Then there are those that think school staff members should be armed in school. Are you kidding me! I won’t go into all the reasons why this is absurd but I will tell you this: as an autism mom, I have already seen way too many children with autism being hand cuffed at school. What would happened if my J had a meltdown and became aggressive, which he does at times now due to sensory overload, lack of understanding or being unable to communicate. Handcuffing him would be a violation, but who’s to say that this armed staff member wouldn’t decide to pull the trigger on him because they thought that was the only option with J’s aggression? What if they didn’t understand or were aware of the situation and J’s autism?

I’m mad. Mad that I have to be worrying about all of this. Mad that this even has to be a debate. I’m mad at the reason all flags are at half staff. Our children should not have to worry about being shot at school with a gun that should be banned.

It’s not something that should be easily escapable. Innocent people, innocent children, lost their lives because our laws are broken. Something needs to give, something needs to change with the way people think about gun control.

Until it is changed, or better yet fixed, are all parents and their children waiting for their school to victimized next? Are we all just waiting for our life to be affected next? We shouldn’t have to worry about our children going to school, our family shopping at the mall, my son going to the movie theater or my husband & I enjoying a concert and being shot. We should have a better sense of knowing we are safe within our communities and country. That illusion has been shattered one too many times. When will one too many be no more?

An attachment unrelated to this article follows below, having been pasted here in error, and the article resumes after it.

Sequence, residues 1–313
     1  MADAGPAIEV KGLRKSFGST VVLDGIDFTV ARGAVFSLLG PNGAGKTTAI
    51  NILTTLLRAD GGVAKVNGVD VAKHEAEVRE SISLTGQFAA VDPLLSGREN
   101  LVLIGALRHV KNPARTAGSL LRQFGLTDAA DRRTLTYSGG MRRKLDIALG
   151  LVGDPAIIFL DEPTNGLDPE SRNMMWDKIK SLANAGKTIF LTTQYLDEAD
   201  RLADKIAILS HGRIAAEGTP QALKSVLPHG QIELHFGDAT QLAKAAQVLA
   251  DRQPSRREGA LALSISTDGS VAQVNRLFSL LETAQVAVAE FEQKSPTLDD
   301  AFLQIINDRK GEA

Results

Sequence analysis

Why I journal.

I journal for a lot of different reasons…

To stay organized. A lot of what my journal consists of is lists; to-do lists for housework, to-do lists for Jackson, blog prompt lists, podcast idea lists. Making lists help me through our busy life. Having the ability to check things off gives me a feeling of completion so I can move forward. Having this visual helps a lot.

To make a quick entry of an idea, memory, moment in time, short little blurbs of things that pop into my rambling brain. I write down quotes, websites I need to check into, craft ideas, etc. I partake in journal prompt ideas to get my writing juices flowing. I journal to blog, like this piece you are reading now.

To release both the good and the bad that is taking place within my personal life and within the life of my family. I find it hard a lot of the times to express myself verbally and doing so in written form comes so much easier. It gives me time to think and reflect. I write a lot of entries, but many will never surface on this blog. I share what I think shows a rounded true picture of the event and/or emotions that are taking place.

To share, to show others what life as an autism parent is like. To let others parents going through this journey know they are not along with their feelings or experiences. I follow a few other bloggers and autism groups too. Having them helps provide support, ideas and resources against going through this alone.

I don’t journal and then blog for pity. Though most of my emotions may seem sad, frustrating or angry that is because I need to definitely release these at times. When things are going good I often forget to write those times down. I sometimes wonder if that is a product of the world we live in.